September 16, 2019
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 In Limits of Diplomatic Immunity

Country: United States of America
Delegate Name: Sarah Dixon

Legal Committee
Limits of Diplomatic Immunity
United States of America
Sarah Dixon
Forest Hills Eastern

Codified into international law by the 1961 Vienna Convention on Diplomatic Relations, diplomatic immunity was created to provide diplomats with safety and protection from unjust prosecution by a host state. High-ranking embassy officials and their families are typically given the greatest degree of immunity, including protection from criminal courts and mostly from civil courts, while less immunity is offered toward other diplomatic personnel. Diplomatic immunity is usually extended to representatives of foreign nations in expectation of reciprocation. While the idea of diplomatic immunity is mutually shared around the world, host states often differ in their execution of its limitations. Under certain circumstances, diplomats may be detained by a host state while a request to waive immunity is considered by the home country. Diplomats may also be expelled back to their home country, where they remain unprotected from prosecution. Limits to diplomatic immunity are poorly defined, which many nations view as a problem requiring immediate rectification.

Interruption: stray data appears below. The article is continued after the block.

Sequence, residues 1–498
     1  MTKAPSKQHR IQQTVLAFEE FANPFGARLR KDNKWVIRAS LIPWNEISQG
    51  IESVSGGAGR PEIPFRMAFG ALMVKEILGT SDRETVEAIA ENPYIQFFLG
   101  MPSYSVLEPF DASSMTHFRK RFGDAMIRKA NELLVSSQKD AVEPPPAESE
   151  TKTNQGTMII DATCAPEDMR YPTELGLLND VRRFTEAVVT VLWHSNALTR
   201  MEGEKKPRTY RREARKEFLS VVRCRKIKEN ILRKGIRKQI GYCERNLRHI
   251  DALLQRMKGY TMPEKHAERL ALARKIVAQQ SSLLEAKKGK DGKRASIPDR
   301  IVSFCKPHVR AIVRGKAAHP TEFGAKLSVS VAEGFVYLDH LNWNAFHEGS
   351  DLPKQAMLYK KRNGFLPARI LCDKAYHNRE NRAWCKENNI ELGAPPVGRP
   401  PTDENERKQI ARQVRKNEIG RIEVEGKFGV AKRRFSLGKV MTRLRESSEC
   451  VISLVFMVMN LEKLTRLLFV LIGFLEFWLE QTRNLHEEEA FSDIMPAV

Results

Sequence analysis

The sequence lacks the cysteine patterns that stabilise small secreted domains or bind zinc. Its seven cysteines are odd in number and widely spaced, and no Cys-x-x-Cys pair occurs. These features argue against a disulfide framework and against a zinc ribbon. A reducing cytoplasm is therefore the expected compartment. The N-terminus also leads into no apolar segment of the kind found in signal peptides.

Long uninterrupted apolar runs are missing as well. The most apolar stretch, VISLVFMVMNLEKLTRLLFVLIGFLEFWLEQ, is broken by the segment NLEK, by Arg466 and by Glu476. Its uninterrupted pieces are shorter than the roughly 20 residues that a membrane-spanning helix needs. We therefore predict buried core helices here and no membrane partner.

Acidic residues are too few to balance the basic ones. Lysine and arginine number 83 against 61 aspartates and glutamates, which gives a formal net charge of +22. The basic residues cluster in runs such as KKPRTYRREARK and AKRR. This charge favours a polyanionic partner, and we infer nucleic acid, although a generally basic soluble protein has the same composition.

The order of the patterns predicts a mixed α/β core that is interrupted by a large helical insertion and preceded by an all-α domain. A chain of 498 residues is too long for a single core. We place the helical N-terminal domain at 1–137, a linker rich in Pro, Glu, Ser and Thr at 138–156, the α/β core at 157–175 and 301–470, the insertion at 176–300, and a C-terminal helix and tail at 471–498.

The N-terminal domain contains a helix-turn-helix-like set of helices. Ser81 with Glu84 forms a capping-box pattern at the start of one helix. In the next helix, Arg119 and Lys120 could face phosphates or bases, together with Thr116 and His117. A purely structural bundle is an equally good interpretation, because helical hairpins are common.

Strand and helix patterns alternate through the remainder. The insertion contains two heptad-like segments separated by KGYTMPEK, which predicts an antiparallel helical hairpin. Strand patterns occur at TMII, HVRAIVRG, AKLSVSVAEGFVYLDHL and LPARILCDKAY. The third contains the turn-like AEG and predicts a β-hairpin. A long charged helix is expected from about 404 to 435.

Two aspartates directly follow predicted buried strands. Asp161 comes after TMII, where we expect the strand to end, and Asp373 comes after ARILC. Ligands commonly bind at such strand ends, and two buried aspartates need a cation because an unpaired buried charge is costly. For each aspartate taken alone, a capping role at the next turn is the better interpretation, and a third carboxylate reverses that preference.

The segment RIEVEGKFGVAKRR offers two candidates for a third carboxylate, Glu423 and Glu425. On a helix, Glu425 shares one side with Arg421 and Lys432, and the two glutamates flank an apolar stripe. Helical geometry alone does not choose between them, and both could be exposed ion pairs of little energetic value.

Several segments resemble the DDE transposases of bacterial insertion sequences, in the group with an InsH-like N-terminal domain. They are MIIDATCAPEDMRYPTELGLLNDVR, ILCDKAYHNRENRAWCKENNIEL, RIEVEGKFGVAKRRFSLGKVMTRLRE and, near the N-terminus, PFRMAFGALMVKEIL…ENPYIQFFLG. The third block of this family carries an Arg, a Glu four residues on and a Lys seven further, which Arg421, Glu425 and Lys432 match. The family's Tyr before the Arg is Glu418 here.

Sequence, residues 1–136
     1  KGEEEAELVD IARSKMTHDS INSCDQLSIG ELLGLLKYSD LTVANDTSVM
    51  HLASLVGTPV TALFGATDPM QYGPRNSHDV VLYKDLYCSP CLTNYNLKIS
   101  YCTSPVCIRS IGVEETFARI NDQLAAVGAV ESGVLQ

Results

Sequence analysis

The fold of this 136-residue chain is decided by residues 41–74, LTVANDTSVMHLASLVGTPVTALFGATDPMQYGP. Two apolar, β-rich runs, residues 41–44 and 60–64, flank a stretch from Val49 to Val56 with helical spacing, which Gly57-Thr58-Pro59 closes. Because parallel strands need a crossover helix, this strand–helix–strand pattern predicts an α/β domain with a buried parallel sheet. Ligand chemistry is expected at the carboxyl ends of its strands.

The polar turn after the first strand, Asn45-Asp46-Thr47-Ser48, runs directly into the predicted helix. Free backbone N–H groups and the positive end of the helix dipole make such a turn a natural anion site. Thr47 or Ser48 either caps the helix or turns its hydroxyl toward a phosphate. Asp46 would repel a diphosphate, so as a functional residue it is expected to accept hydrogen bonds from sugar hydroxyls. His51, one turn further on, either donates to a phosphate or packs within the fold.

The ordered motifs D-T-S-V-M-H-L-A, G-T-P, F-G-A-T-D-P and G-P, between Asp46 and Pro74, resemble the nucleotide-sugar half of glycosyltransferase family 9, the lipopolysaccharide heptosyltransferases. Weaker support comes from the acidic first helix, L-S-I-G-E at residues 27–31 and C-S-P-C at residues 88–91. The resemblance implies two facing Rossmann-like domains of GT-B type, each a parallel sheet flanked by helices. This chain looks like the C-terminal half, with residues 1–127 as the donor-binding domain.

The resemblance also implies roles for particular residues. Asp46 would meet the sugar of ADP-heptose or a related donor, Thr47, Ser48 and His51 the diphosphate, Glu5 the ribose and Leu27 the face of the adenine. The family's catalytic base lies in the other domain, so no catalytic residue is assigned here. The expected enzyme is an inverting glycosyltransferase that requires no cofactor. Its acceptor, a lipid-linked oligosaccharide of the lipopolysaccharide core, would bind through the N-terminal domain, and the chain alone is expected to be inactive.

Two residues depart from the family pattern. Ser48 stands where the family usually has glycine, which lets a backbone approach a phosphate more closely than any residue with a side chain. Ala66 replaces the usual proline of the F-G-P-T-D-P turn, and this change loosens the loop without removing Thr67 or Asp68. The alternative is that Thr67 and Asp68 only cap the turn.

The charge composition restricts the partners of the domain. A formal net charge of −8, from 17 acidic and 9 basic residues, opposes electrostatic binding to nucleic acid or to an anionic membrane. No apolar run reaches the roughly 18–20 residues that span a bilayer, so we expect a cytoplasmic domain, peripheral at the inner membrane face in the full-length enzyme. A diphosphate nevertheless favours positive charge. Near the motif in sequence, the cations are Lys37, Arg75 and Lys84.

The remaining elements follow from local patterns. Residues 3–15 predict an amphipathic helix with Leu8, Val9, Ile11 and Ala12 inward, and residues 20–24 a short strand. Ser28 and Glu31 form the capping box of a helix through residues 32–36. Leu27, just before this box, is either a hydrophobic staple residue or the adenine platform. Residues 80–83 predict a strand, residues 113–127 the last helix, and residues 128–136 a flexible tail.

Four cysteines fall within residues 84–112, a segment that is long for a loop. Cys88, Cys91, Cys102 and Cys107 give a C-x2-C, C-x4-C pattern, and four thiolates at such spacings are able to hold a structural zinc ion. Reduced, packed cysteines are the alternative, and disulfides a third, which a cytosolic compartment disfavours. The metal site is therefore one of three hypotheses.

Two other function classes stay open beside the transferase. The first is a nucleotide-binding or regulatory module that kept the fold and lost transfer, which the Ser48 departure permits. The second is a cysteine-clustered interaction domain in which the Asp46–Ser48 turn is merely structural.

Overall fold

The United States of America adheres to the principles introduced by the Vienna Conventions through the US Diplomatic Relations Act of 1978. Generally, the US extends generous diplomatic immunity to visiting diplomats with the expectation of reciprocation from foreign nations host to US diplomats. Diplomatic immunity allows US diplomats to work more freely in host states less protective of individual rights. Similar to all nations, the US must request a waiver of immunity from diplomats’ home countries in order to advance cases concerning foreign diplomats to the courts. Such waivers are reviewed by these foreign nations, who can, like the US, reject such waivers in order to protect the principle of diplomatic immunity. The US recognizes the importance of achieving justice and maintaining proper relationships with foreign nations; thus, the US is willing to provide cooperation in the international investigation of crimes committed by its diplomats. However, the US is not inclined to consider any endangering extraditions of its citizens to another nation in order to be prosecuted. US diplomats, or related members, within the US who are under criminal investigation by foreign nations are to remain within the US, unless otherwise expressed by such people, throughout the duration of the case.

The United States of America recognizes the importance of diplomatic immunity, urging the Legal Committee to consider the implications of additional limitations. Diplomatic immunity enables states to maintain diplomatic relations and protects diplomats from unjust prosecution by host states with fewer individual rights. Limiting such crucial immunity is dangerous, but the US wishes to consider other opinions in order to reach a mutually beneficial conclusion. Nevertheless, foreign nations must acknowledge that cases concerning US diplomats should be negotiated between the involved states while the diplomat awaits prosecution on US soil. The US urges that these cases are handled first by the home country before seeking further charges.

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